BANKS WORLDWIDE STILL TROUBLING! A US judge in Manhattan has rejected throwing out a rate rigging lawsuit against 14 largest banks. As reported by Reuters news, the judge refused to throw out a private lawsuit accusing the 14 banks of rigging an interest rate benchmark (ISDAfix) used in the $553 trillion derivatives markets. That’s right folks, I said the $553 trillion derivative markets. That dwarfs the problem of derivatives 2008, that almost brought the banks to their demise. The Credit Suisse bank has announced a 6000 employee layoff. J.P. Morgan is doubling its reserve oil loan losses $1.3 billion. I do not believe this is nearly enough. However it does give an indication of the changing landscape of the way the public is looking at loan losses from energy-related companies. The news is out. The banks the United States, China and in Europe are holding billions of dollars of loans that will probably default. US Banks have built up their assets due to differential between low interest rates and the rates they can charge the public. As I have said in previous market letters, “ Banks have built up their assets on the backs of the middle class. In cooperation with the Federal Reserve, Interest rates are at virtually at zero, penalizing savers and retirees and weakening the middle class as banks make huge profits from consumers who pay high rates on credit cards and small businesses on loans. Because banks can borrow at almost nothing, whatever they charge above zero is pure profit. Auto and mortgage rates are 3% or 4%,( there are $1 trillion of subprime auto loans), industrial loans are between eight and 12% (growth down 11% this year ) and credit cards are anywhere from 15% to 29%.This is high-way robbery and this is weakening middle-class consumers, small businesses and retirees, with the result, as I have said many times, ‘All boats will sink!” This loan reevaluation by J.P. Morgan is just the tip of the iceberg. world wide, Russia is bailing out its national banks as it severely reduces it reserves and Brazil and Venezuelan are facing financial collapse! We are not done dodging bullets!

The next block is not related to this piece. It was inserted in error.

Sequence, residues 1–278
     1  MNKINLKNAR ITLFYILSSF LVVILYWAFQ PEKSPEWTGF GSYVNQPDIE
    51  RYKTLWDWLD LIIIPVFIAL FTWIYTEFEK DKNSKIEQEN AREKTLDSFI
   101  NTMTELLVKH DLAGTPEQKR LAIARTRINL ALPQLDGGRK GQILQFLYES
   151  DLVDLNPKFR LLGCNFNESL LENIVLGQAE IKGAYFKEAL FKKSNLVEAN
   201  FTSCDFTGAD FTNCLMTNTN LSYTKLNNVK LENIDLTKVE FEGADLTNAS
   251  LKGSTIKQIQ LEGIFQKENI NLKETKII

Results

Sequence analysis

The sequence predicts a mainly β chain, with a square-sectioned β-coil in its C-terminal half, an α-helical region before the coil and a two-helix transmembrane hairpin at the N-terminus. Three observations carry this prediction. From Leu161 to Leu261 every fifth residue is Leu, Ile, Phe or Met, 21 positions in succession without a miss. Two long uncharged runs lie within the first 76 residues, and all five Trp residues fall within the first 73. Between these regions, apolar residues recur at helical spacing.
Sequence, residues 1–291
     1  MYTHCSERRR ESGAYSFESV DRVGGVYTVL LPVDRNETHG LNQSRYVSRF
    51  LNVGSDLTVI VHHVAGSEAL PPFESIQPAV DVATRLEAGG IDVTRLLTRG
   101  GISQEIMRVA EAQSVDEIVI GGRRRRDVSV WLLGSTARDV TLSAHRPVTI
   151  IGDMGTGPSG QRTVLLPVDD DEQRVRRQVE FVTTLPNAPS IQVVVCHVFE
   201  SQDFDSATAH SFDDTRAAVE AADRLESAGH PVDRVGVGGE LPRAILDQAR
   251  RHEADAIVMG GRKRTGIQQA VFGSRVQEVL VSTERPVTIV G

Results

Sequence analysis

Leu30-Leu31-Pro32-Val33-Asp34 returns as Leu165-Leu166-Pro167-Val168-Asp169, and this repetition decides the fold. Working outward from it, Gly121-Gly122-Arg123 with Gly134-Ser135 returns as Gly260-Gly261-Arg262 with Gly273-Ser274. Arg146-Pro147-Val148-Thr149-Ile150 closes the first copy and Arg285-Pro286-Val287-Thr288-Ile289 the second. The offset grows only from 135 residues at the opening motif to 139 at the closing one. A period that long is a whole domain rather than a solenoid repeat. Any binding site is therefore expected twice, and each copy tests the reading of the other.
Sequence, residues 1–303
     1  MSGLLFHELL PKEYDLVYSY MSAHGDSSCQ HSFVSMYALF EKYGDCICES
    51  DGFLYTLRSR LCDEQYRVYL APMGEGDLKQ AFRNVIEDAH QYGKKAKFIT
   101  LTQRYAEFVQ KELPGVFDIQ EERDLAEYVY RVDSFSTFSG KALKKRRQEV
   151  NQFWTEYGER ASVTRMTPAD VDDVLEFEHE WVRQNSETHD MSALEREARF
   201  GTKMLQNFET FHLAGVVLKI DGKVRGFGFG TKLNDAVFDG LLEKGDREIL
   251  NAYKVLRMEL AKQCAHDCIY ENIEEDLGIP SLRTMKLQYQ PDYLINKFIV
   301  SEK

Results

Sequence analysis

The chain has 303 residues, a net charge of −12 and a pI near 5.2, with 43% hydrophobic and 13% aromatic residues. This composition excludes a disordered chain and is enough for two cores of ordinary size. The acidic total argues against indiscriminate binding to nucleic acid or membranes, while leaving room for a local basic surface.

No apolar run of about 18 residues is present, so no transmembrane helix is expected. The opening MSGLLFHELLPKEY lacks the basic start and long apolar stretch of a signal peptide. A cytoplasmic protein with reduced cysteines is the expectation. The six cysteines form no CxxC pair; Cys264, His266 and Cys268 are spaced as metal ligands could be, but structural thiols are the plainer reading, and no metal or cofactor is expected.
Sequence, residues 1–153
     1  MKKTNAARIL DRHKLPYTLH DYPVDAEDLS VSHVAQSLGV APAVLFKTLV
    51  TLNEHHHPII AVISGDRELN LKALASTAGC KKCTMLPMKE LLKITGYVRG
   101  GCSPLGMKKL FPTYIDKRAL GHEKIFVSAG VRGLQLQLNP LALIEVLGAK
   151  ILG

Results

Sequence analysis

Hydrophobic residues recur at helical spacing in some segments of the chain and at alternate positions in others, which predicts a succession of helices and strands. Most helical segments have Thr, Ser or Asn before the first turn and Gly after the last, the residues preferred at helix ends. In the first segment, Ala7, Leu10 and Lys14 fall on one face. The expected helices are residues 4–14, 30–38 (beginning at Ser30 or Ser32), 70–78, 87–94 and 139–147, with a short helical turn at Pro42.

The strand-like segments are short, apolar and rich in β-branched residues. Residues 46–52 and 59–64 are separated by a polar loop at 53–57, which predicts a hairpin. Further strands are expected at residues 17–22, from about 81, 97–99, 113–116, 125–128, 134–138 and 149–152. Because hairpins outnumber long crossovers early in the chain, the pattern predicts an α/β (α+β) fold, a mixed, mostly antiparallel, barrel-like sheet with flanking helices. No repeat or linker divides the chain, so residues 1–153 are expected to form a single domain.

My ‘canary in the mine’ Deutsches Bank bottomed at $15.38 in February and went to a high of $19.04 per share, 9 still down 70% in the last 2 years) is now at $18.29. The Wall Street Journal has reported that “When Donald Trump needs a loan, he chooses Deutsches Bank.” While most big banks have shunned Donald Trump the Deutsches Bank has been a steadfast financial backer of the Republican presidential candidate. Just one more reason to mistrust their judgment.